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Thursday 30 November 2023 Dublin: 3°C
Leon Farrell/ Bertie Ahern pictured here with Charlie McCreevy
getting boomier

Is the government adopting an attitude of 'when I have it, I spend it'?

Ireland could be on course to repeat the mistakes of the past, according to the Irish Fiscal Advisory Council.

Updated at 11.37pm

JUNIOR FINANCE MINISTER Simon Harris has said the government is “absolutely not” repeating mistakes made by previous governments in managing the economy.

It comes after the State’s fiscal watchdog warned that the economy could be heading on this course, despite Budget 2016 being compliant with other economic targets and guidelines.

Minister of State Simon Harris has said the Budget focused on modest increases.

Speaking to RTÉ’s Today with Sean O’Rourke, Harris was questioned on whether the government is taking the “when I have it, I spend it” attitude of former finance minister Charlie McCreevy.

“Absolutely not,” Harris said,

We’re certainly not going back to the mistakes Fianna Fáil repeatedly made in government.

He noted that there are repeated calls for more investment in areas such as health, but the government is criticised when it starts spending more.

The Irish Fiscal Advisory Council has acknowledged a “strong economic recovery” is underway, but that “numerous uncertainties about the pace of future growth” still remain.

In the report the government is warned that its spending in the October Budget has “worrying echoes of past fiscal policy errors and goes against the spirit of the new budgetary framework” – an unusually strong message from the politically-neutral organisation.

Irish Government cabinet reshuffle PA Archive / Press Association Images Minister Simon Harris PA Archive / Press Association Images / Press Association Images

You may recall the government dismissing the council’s calls for a more austere spending plan before Budget 2015.

Harris said that the government takes this advice “very seriously”, and that the council is right to be putting pressure on those in the political sphere to make sure finances are anchored in a stable way.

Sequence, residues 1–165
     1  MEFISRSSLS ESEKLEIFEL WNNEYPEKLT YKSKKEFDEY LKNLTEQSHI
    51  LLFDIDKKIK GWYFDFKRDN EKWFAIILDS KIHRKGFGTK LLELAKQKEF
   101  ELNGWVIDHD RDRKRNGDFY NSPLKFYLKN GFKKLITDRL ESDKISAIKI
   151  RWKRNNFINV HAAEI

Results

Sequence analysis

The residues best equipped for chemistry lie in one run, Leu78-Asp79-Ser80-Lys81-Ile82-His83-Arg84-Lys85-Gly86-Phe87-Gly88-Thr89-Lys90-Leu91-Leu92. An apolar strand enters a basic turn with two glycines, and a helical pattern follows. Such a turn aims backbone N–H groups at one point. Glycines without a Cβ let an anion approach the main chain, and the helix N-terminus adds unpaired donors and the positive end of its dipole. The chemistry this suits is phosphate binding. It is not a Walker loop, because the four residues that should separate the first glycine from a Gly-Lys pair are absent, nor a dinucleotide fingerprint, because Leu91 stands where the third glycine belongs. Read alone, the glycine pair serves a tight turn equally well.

However, while the council warned that corporation tax is a volatile revenue source to be relying on, the Minister said Revenue previously stressed that the recent windfall from the tax wasn’t a once-off.

What the government is doing wrong 

The council hits out at the €1.5 billion increase in government expenditure in Budget 2016.

It says the money – which contributed towards cuts to the USC, an increase to pensions and a bump in the minimum wage – would have been better spent in reducing the country’s high level of debt.

By spending what had been better than expected tax returns, the government has pushed back the point at which the budget will be balanced.

michael noonan / Leah Farrell Michael Noonan / Leah Farrell / Leah Farrell

The fiscal advisory council also identified other areas that could negatively impact on the country’s financial future: overspending on health and the fact that there is no clear plan for maximum expenditure.

How are things looking going forward?

The new report predicts that some problems could crop up over the coming years.

Commitments to spending and tax reduction could see the government running into difficulty over the next five years.

The report predicts that after next year’s Budget, public service spending could take up much of the slack that will be created with bigger tax returns.

Earlier this month, the EU described Budget 2016 as “broadly compliant” with its rules, but expressed concerns about spending increases and tax cuts being introduced as part of the same package.

Additional reporting by Nicky Ryan. Originally published 6.01am.

Read: 11 people arrested during massive garda operation into ‘sham marriages’

Also: The poor euro is getting pummelled again

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